Saturday, February 21, 2009

Boro mayor, merchants discuss economic stress

PRINCETON: Boro mayor, merchants discuss economic stress
By Lauren Otis, Staff Writer
Posted: Tuesday, February 17, 2009 5:11 PM EST
To survive in the ongoing poor economy, Princeton borough merchants and the borough administration need to work together, Borough Mayor Mildred Trotman told a gathering of the Borough Merchants for Princeton on Tuesday.

At the meeting, several merchants described a holiday season that was anything but rosy, although some said the impact on their operations was tempered by the continuing popularity of Princeton as a tourism and shopping destination.

”These are tough economic times for everyone,” Mayor Trotman said. “I do think that we are in this together. We are going to have to work together, the borough is ready to work with you to make it work for you,” she said.

”Most of what has happened over the past year we did not have any control over,” she told a gathering of the Borough Merchants at the Nassau Inn on Tuesday morning.

Faced with revenue shortfalls it has no control over, the borough is currently grappling with cuts and layoffs as it tackles its 2009 fiscal year budget, Mayor Trotman said. “We are going to have to make some very very difficult decisions, some difficult choices,” she said.

Mayor Trotman said Princeton Borough was attempting to aggressively position itself to benefit from the $787 billion federal stimulus plan that President Barack Obama signed later Tuesday.
”You should know that Princeton Borough has been aggressively following this, we are in touch with our county, state and federal representatives because we do have ‘shovel ready’ projects and we hope to get in on the receiving end of those funds,” she said.

Following Mayor Trotman’s address, Borough Administrator Robert Bruschi asked those in attendance “how you as merchants made out during the holiday season?”

Mark Censits, owner of the CoolVines retail wine store located on Nassau Street, said consumers were “trading down” during the holidays, purchasing less expensive wines at his store, but “the activity was high.”
”I actually feel like the town was very much alive and spunky during the holiday season,” Mr. Censits said.

”I would say my business was down 20 percent,” said Doris Figueroa, owner of The Place To Bead on Witherspoon Street. “I’m a luxury so it was difficult, I’m muddling through.”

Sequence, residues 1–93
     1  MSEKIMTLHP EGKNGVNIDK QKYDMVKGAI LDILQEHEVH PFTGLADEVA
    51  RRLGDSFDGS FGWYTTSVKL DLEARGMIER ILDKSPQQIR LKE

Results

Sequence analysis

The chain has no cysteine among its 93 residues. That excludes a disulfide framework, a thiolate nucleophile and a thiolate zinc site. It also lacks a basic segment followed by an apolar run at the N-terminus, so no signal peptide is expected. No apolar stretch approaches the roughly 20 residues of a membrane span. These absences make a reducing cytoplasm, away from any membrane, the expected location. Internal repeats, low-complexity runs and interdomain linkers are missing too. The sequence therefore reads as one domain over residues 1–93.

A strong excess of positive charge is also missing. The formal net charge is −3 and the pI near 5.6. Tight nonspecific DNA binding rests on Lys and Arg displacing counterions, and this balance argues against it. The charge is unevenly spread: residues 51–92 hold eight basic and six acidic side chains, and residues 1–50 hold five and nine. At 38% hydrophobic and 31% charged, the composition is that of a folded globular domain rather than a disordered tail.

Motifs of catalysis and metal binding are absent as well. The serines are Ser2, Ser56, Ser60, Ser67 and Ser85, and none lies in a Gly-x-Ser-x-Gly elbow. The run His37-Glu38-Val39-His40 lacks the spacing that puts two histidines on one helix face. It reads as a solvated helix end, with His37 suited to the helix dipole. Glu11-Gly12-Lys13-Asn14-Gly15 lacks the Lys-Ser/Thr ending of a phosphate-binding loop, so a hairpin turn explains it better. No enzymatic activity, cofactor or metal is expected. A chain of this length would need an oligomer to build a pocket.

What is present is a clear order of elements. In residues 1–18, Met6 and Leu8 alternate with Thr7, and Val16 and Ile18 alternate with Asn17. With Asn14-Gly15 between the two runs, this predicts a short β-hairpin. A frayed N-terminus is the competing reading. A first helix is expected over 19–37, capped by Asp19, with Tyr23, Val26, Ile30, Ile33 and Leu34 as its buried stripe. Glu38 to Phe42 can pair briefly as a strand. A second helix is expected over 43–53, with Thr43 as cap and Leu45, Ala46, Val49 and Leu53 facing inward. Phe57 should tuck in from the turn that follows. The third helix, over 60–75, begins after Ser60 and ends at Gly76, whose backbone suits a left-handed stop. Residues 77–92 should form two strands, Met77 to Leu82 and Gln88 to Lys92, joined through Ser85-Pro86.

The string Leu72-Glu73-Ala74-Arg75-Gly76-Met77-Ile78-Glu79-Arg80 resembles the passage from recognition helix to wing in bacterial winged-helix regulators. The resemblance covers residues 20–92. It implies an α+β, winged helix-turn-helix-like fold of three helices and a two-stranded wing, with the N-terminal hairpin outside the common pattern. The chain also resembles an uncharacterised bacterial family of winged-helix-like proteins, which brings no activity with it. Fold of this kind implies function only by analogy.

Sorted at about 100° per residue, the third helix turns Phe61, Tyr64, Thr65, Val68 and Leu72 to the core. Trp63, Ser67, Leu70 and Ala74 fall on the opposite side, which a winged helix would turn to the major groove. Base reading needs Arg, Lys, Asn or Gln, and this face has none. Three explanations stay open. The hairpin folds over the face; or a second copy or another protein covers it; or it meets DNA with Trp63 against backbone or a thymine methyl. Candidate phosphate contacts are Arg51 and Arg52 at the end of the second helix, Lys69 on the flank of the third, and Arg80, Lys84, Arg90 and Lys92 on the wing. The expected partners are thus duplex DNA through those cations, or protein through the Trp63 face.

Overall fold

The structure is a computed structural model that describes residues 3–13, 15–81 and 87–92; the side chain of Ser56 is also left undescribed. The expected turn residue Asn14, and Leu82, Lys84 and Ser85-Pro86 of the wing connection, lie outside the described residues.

Ms. Figueroa said her neighboring merchants were in a similar circumstances over the holidays too. “We all felt it,” she said, adding “even the restaurants in the area, and we do talk amongst ourselves, everybody felt the pinch this year.”

Ms. Figueroa said being in Princeton did mitigate her circumstances. “If the truth be told, if my store was anyplace else I think I’d be closing the doors,” she said.

”It was a challenge and it continues to be a challenge,” said David Newton, vice president of Palmer Square Management. He said business among Palmer Square tenants was down 7 percent in 2008. For the period between October and December last year, “it was more significant than 7 percent,” Mr. Newton said.

Princeton has historically been resilient in economic downturns, Mr. Newton said, but several factors, including the fact that Merrill Lynch, once one of the area’s leading employers, “ceases to exist for the most part” resulted in the local economy being less insulated than in the past. Princeton “was just totally caught unawares,” by the meltdown in the financial sector, he said.
There were bright spots among Palmer Square tenants, Mr. Newton said. He cited yoga apparel retailer lululemon athletica, which opened a store on Nassau Street late last year, as doing well since coming to Princeton.

Mimi Omiecinski, who founded Princeton Bike Tours last summer, said she was seeing a continuing strong demand for her tours, particularly among corporate consumers.

Several attendees to the Borough Merchants meeting voiced the view that the economic situation in Princeton would get worse before it got better.
”I think the vacancy (rate) at the moment is in its early days, and I thing the vacancy (rate) will get worse before it gets better,” said Mr. Newton.

”If things keep going down another 20 percent this town needs to pull together,” said Sheldon Sturges, managing director of non-profit organization Princeton Future. Mr. Sturges said economists including Nobel laureate and Princeton University professor Paul Krugman are predicting “it’s really going to get a whole lot worse.”

Kristin Appelget, director of community and regional affairs at Princeton University, and Peter Crowley, president of the Princeton Regional Chamber of Commerce, both said they were willing to entertain creative ways to benefit downtown merchants.

Ms. Appleget said she was open to brainstorming with merchants on creative ways to encourage the university’s 5,400 employees to “cross the street” and patronize local businesses more. “Anyone who would like to get a cup of coffee let’s sit down and talk,” she said.

”I’m an optimist and feel if one door closes another one opens,” said Mr. Crowley. He said the PRCC was working to bring talent and resources to bear on the current economic straits of many of its members, that it was seeking to “do some things that help people think outside the box, do some partnerships.”